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Is My Marriage Eligible for Annulment?

Annulment and divorce are not the same. They each have specific requirements and outcomes.

Divorce ends a marriage while acknowledging the length of that marriage. Your record indicates that you were married from one specific date to another. It shows the name of your partner, and the marriage remains part of your legal history.

Annulment essentially disqualifies a marriage. The law acknowledges that the marriage should never have taken place and nullifies its existence. You don’t have to worry about complicated property divisions or other such decisions, because your marriage has been invalidated.

Legally, an annulment requires more stringent qualifications. You can’t simply decide that you don’t want to be married anymore. You must prove that the marriage is invalid. Here are California’s requirements for a marriage annulment.

At Least One Person Is Already Legally Married

No states formally recognize bigamy. When someone is legally married to one person, they cannot become legally married to another. If either party in a marriage discovers that their spouse is already legally married, even on a technicality, the marriage can be annulled.

At Least One Person Is Mentally Ill

The law assumes that anyone entering a marriage does so with awareness and a sound mind. If either party was unable to rationally make this choice because of a mental illness, the marriage can be nullified.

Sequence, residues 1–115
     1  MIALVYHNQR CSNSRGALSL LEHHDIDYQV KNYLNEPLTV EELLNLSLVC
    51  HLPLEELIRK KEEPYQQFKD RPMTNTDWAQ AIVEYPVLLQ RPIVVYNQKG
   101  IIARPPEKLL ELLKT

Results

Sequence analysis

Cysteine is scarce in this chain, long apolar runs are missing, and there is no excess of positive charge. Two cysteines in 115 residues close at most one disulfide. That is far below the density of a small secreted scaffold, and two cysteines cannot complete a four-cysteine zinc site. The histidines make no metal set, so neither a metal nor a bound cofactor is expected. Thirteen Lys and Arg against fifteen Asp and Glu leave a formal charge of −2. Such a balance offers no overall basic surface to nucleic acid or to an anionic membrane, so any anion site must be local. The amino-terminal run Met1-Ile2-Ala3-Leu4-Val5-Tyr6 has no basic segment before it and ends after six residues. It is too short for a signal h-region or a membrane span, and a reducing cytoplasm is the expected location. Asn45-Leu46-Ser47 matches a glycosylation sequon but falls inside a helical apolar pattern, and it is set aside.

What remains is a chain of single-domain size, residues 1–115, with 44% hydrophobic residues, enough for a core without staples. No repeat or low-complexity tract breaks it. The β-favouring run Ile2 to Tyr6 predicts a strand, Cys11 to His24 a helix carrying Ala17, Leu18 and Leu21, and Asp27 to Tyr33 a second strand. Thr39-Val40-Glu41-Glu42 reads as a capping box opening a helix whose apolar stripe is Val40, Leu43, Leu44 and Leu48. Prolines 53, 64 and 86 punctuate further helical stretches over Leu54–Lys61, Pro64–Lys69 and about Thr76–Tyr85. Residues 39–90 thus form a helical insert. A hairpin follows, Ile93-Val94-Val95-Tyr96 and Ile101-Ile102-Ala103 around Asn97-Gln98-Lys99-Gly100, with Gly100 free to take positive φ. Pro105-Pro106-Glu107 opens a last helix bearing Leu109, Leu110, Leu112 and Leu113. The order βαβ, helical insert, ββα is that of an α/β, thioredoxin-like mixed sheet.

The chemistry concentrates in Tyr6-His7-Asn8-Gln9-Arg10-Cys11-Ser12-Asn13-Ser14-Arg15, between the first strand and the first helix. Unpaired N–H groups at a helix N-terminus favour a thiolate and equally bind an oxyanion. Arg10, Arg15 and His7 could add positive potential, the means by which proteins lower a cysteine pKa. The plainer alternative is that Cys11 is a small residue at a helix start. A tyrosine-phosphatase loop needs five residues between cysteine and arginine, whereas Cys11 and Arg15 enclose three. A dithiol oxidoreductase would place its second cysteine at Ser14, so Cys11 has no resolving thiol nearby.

The spouse must be mentally incapacitated at the time of the marriage. This is an important distinction. If someone becomes incapacitated later, and their spouse wants to end the marriage, this requires a standard divorce.

At Least One Person Can’t Consent to the Marriage

Mental illness is only one way that a person may be incapable of agreeing to a marriage. If, for any reason, one party can prove that they couldn’t consent to the marriage, it can be annulled.

At Least One Person Is Physically Inaccessible

It may sound obvious, but both parties must be present to consent to the marriage. Imagine, for instance, one partner is stuck in another state, but the other moves forward and files the marriage paperwork in their absence. A situation like this could be grounds for an annulment.

At Least One Person Is Forced into the Marriage

There are many scenarios in which someone could be coerced into a marriage. Perhaps they were blackmailed, or their marriage was arranged by a criminal organization. Maybe there was a case of ID fraud, and the person didn’t even know they were legally married. Even someone who grew up in a strict religious cult could argue that the group forced them to marry their spouse. If you were married under duress, you may be able to have your marriage disqualified.

At Least One Person Is Underage

Minors under 18 cannot marry without a parent’s written permission. If either party is underage at the time of the marriage, that union can be nullified.

Statute of Limitations

Some of the above stipulations require deadlines. For instance, someone who is underage will eventually grow up, nullifying the original problem.

In these scenarios, the law gives spouses a four-year window for an annulment. It assumes that if you remain married after that, you want to be there. After that deadline, you need a standard divorce to end the marriage.

The statute of limitations applies to:

  • Incapacitation, where a spouse can file for annulment within four years of regaining their faculties.
  • Marriage of a minor, where a spouse can annul the marriage within four years of turning 18. (This means they can file by the time they are 23.)
  • Coercion or fraud. A court may allow more time in these instances. It may take longer than four years for someone to be safe enough to end the marriage.

Whether you need an annulment or a standard divorce, our firm is here to help. For a free consultation, call (951) 779-1610 today, or contact us online.